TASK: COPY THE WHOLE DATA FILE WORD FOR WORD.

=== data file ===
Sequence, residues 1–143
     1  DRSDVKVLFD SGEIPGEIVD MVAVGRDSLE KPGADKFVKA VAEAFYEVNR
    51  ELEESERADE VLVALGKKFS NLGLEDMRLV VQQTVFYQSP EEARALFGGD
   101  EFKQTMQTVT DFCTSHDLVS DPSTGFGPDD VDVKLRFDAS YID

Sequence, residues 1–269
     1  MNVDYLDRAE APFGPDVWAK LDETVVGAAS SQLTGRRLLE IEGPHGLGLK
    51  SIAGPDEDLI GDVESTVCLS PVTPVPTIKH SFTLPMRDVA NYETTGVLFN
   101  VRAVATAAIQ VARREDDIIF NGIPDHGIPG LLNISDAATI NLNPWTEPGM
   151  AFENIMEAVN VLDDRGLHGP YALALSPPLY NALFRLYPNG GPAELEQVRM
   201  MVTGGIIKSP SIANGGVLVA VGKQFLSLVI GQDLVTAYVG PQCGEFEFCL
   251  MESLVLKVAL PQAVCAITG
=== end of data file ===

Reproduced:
Sequence, residues 1–143
     1  DRSDVKVLFD SGEIPGEIVD MVAVGRDSLE KPGADKFVKA VAEAFYEVNR
    51  ELEESERADE VLVALGKKFS NLGLEDMRLV VQQTVFYQSP EEARALFGGD
   101  EFKQTMQTVT DFCTSHDLVS DPSTGFGPDD VDVKLRFDAS YID

Sequence, residues 1–269
     1  MNVDYLDRAE APFGPDVWAK LDETVVGAAS SQLTGRRLLE IEGPHGLGLK
    51  SIAGPDEDLI GDVESTVCLS PVTPVPTIKH SFTLPMRDVA NYETTGVLFN
   101  VRAVATAAIQ VARREDDIIF NGIPDHGIPG LLNISDAATI NLNPWTEPGM
   151  AFENIMEAVN VLDDRGLHGP YALALSPPLY NALFRLYPNG GPAELEQVRM
   201  MVTGGIIKSP SIANGGVLVA VGKQFLSLVI GQDLVTAYVG PQCGEFEFCL
   251  MESLVLKVAL PQAVCAITG